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VOL. 125 | NO. 3 | Wednesday, January 6, 2010


Trucking Execs Look Forward to Speech About Nat’l Outlook

By Eric Smith

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TALKING POINT: Since truck driver Kurt Aschenbrenner started out in the business in 2003, diesel has tripled to nearly $4.80 a gallon. Meanwhile, the leader of the American Trucking Association will be in Memphis next week to discuss such issues with local members.

The Traffic Club of Memphis isn’t wasting any time tackling issues that will be important to the trucking industry in 2010.

At its first monthly meeting, set for Tuesday at The Racquet Club of Memphis, the longtime trade association has invited Tommy Hodges, recently installed chairman of the American Trucking Association, to deliver a keynote speech about all things trucking.

The speech will be held at noon with event check-in at 11:15 a.m. Full details, including cost and registration information, can be found at the Traffic Club’s Web site, www.trafficclubofmemphis.com.

Hodges, chairman of Shelbyville, Tenn.-based Titan Transfer Inc. and former chairman of the Tennessee Trucking Association, said he will address a variety of subjects pertaining to the trucking industry, such as what companies can do to cope with changes that have occurred or could occur this year.

The two main topics revolve around hours of service for truckers and the reauthorization of the highway transportation bill, but Hodges added anything that has to do with regulation from Washington, such as cap-and-trade legislation and weight issues for trucks – all hot topics for the trucking industry – are fair game.

Better days

Hodges said he won’t go into great detail on any particular issue, but said he will “try to make the folks aware of some issues that are on the national front that we all need to be watching for and prepare for.”

As for trucking volume projections, Hodges said those are harder to gauge as the industry reels from a difficult two-year period. But Memphis trucking and transportation officials will hear at least a little bit of good news during Hodges’ speech.

“2010 will definitely be better than 2009, but we’re in such uncharted waters because of the severity of the 2008-2009 recession that nobody’s really out on a limb making many predictions about what will be,” Hodges said. “But we are watching the inventory, the sales ratios, and we are seeing some very positive trends.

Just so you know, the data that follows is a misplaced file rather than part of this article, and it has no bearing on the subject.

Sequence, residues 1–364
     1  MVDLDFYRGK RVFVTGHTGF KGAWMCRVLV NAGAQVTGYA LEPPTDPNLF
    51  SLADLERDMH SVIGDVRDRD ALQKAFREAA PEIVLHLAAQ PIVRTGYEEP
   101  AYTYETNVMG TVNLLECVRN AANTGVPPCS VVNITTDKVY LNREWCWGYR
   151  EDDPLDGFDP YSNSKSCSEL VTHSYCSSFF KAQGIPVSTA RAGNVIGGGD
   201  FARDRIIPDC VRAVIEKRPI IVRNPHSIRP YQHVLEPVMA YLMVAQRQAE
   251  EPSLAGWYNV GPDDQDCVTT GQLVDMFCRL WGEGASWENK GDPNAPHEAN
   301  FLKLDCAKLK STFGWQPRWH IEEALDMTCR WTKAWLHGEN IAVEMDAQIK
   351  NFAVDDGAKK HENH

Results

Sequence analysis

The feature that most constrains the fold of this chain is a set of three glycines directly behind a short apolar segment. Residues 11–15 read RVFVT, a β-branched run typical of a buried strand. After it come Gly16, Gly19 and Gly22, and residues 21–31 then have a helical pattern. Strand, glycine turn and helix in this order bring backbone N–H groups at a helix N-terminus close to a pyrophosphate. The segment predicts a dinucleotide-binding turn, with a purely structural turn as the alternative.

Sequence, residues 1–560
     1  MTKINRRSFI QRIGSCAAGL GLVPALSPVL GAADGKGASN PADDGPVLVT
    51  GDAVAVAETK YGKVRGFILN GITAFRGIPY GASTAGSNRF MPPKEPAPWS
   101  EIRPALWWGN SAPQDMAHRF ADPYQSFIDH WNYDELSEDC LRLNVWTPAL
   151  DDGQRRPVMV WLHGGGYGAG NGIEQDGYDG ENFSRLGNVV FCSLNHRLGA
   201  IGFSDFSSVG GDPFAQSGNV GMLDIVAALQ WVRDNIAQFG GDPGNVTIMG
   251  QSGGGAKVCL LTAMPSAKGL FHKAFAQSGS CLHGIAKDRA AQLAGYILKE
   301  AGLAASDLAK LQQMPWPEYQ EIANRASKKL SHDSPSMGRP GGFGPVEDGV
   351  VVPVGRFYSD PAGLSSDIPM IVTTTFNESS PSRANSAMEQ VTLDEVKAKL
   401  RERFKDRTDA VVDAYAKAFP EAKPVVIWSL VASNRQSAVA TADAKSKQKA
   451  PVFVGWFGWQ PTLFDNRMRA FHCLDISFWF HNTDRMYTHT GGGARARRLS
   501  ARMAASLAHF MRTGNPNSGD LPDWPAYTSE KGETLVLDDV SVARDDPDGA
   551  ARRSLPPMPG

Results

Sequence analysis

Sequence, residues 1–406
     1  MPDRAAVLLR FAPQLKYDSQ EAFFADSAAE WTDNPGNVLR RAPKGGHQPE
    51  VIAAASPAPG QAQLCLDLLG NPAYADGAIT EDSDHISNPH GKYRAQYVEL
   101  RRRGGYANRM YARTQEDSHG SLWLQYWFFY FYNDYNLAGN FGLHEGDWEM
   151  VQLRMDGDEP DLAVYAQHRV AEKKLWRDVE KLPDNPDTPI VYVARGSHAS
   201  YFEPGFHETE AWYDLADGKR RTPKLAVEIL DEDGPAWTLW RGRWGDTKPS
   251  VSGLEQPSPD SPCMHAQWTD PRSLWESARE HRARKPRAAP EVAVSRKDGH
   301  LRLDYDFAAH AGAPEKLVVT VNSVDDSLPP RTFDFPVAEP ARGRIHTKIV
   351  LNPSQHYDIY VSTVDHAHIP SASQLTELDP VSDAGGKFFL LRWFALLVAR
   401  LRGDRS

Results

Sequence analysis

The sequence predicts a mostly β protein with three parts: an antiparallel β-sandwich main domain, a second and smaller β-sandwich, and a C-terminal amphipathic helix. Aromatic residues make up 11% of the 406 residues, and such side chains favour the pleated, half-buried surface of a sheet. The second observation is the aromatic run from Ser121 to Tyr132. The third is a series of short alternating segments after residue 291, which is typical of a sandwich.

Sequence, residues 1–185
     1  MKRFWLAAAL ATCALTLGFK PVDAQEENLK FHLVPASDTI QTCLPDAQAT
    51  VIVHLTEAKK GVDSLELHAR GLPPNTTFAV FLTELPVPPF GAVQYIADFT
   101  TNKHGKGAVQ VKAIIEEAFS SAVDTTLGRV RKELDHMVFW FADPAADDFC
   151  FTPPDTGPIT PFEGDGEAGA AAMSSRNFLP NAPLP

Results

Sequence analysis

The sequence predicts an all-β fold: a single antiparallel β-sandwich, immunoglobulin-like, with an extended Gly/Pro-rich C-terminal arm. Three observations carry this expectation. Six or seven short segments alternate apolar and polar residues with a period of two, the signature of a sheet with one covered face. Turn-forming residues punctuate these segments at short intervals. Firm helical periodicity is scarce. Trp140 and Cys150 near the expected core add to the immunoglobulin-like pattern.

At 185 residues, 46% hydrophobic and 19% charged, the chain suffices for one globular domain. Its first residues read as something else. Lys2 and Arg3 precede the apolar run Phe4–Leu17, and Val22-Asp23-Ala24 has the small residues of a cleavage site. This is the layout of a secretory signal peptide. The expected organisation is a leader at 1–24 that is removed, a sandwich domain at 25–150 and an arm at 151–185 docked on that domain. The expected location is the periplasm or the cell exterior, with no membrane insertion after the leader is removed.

“It’s setting up for being a much, much, much better year.”

That’s music to the ears of an industry that has been decimated by the sluggish economy. Hodges said 4,000 trucking companies have filed for bankruptcy nationwide in the past seven quarters, according to ATA data. Locally, the outlook has been just as dire as trucking companies of all sizes try to weather the storm.

Because of that, and because Hodges is a Tennessee trucking professional who can emphathize with local executives, anticipation for this event has been mounting, said Traffic Club media relations director Jim DeWeese of ABF Freight System Inc.

“There are a lot of people waiting for this meeting to come around,” DeWeese said.

Nick of time

As Hodges pointed out, Tennessee carriers have been hit especially hard by the economy because so many companies here had become dependent on automotive sales, on the manufacturing and supply sides. So as the auto industry tanked, trucking companies felt the brunt.

Marty Morelli, senior account manager for ABF Freight System Inc. and 2010 president of the Traffic Club, said that makes Hodges’ speech timely and poignant.

“The economy’s in dire straits and a lot of carriers are as well, so he can give us an economic forecast directly related to the industry and kind of predict the future,” Morelli said. “Some of our carriers and providers are on life support and basically a day-to-day status. He’ll give us some insight for predicting the future on that.”

Morelli said he hopes that having a Tennessee trucker in an influential position with the national trade association will be a boon for local transportation companies, who are keeping an eye on everything from immediate concerns, such as infrastructure improvement, to long-term concerns like an aging work force and potential driver shortages.

“We need all the voices and influence in Washington and in Nashville as well regarding the infrastructure, how we finance that and fund it,” Morelli said. “The stimulus package has probably fallen short of covering all the needs of preparing roads and bridges that are in constant decay.”

Perhaps nowhere is the advancement of trucking issues more important than in Memphis, where the city’s geography and access to all four modes of transportation – air, road, rail and river – make it a nexus for moving goods throughout the country and the world.

“With Memphis being America’s Distribution Center, it’s an inordinate number of jobs that are directly or indirectly related to transportation, and trucking in particular,” Morelli said. “No matter whether you’re in air freight, ocean or rail, typically some portion of that (cargo transit) moves over the road.”

The Hodges speech kicks off the year for the Traffic Club, whose roots date back to 1913 as Rail ‘n’ Road. Though it now has a “hundred-plus members,” Morelli said, he hopes events like next week’s will attract new membership.

PROPERTY SALES 51 333 19,446
MORTGAGES 68 383 22,433
BUILDING PERMITS 138 688 40,004
BANKRUPTCIES 34 238 12,486